Is Spotify worth more than the entire music industry?

Four charts that reveal the truth about music streaming services

The music streaming debate has been overrun by talk of Jay-Z’s celebrity-endorsed app Tidal, which has already crashed out of the top 700 US apps. Behind these headlines, Spotify is still making its quiet ascendance. According to new reports, Spotify may now be worth more than the entire US music industry.

Is that true? Earlier this month, Spotify neared a deal to raise $400 million in funding, according to the Wall Street Journal, which would value the company at $8.4 billion. Meanwhile latest figures from the Recording Industry Association of America show that last year was a fairly flat one in terms of revenue from retail sales, down 0.5 per cent at $6.97 billion.

Spotify's increasing value has led to a fair few reports that Spotify is now worth more than the entire US music industry.

If you look at the numbers together, Spotify does look like it’s worth more.

But if you look at Spotify’s revenue rather than its valuation, it’s actually worth a lot less. The company’s latest financial statement shows that Spotify’s revenue hit $1 billion in 2013, up about 74 per cent since 2012. Analysts say its 2014 revenue is likely to have been around $1.3 billion.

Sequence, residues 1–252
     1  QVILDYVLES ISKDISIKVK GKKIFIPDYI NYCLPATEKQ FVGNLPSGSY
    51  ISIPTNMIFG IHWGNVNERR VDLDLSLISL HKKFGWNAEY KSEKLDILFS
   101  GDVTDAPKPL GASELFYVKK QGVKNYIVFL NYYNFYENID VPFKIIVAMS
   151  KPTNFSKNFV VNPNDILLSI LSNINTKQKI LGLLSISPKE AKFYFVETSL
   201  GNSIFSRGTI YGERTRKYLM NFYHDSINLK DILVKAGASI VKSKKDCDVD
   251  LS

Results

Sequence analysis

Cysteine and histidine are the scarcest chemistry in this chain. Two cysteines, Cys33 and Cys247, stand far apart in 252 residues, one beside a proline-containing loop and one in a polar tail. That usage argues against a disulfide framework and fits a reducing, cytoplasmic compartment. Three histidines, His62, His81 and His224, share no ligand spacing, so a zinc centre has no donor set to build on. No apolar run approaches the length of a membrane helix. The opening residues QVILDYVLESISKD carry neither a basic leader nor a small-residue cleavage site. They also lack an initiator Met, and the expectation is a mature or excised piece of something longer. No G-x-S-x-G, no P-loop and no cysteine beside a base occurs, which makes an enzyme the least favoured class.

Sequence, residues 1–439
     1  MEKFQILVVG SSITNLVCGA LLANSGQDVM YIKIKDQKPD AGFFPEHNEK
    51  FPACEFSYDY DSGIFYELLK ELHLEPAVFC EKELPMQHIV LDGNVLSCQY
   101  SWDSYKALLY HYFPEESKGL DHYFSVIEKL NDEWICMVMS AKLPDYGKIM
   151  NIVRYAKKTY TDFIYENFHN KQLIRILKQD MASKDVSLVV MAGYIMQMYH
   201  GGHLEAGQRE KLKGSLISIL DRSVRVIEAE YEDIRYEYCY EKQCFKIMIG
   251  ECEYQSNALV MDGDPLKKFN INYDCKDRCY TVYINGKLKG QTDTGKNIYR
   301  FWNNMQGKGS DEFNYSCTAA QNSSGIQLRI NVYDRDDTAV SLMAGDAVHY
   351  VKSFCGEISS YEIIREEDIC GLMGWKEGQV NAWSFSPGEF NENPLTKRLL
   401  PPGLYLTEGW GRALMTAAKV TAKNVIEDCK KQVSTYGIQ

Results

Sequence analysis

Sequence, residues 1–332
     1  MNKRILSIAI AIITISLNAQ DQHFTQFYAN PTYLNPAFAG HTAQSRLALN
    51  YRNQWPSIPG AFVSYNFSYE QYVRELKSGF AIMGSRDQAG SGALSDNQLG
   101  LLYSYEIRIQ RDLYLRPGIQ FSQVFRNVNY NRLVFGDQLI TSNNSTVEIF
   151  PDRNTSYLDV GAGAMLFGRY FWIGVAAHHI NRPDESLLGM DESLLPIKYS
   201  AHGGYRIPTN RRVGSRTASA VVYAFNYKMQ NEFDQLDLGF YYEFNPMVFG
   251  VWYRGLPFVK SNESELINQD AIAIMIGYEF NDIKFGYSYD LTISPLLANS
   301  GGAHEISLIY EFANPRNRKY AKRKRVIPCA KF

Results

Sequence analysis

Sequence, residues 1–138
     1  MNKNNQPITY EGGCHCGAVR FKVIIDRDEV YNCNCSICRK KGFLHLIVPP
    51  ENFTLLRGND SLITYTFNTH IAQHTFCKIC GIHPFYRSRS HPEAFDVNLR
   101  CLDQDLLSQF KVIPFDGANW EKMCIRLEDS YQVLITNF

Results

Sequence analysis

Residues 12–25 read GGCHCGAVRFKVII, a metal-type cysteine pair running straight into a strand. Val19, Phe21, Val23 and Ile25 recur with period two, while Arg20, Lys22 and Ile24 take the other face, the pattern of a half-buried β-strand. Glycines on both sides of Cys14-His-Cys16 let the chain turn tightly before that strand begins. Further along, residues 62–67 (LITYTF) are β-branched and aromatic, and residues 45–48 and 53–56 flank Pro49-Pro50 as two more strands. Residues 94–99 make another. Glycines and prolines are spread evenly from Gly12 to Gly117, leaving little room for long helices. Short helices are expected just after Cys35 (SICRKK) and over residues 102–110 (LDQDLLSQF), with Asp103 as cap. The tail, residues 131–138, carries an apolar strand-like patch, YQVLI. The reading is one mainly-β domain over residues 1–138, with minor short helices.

Even then, Spotify is yet to turn a profit. It pays 70 per cent of its revenue to record companies and music publishers – it said in November it had paid $2 billion to artists in royalties – and plans to grow to over 2000 employees this year.

Of its 60 million users, only 15 million pay to use the service. Major labels Sony, Universal, Warner and EMI each own a separate stake in Spotify that add up to combined 15 per cent. They have reportedly pressured Spotify to convert more users into paying customers, but Spotify has so far refused.

You can't blame the majors. According to Spotify, $897 million, or about 91 percent of its sales, came from subscriptions, and only $90 million from advertising.

Luckily for Spotify, an increase in paying subscribers may be inevitable. The RIAA shows that more people than ever are paying to stream music.

The proportional increase in revenue from paying subscribers across the whole of the industry is also increasing each year. Paid subscription services grew 25% year-over-year in 2014 to $799 million, while revenues from ad-supported on demand services grew 34% to $295 million.

With Apple and Google in talks to launch their own streaming services, this percentage is likely to rise. No wonder the major labels are keen to own a stake.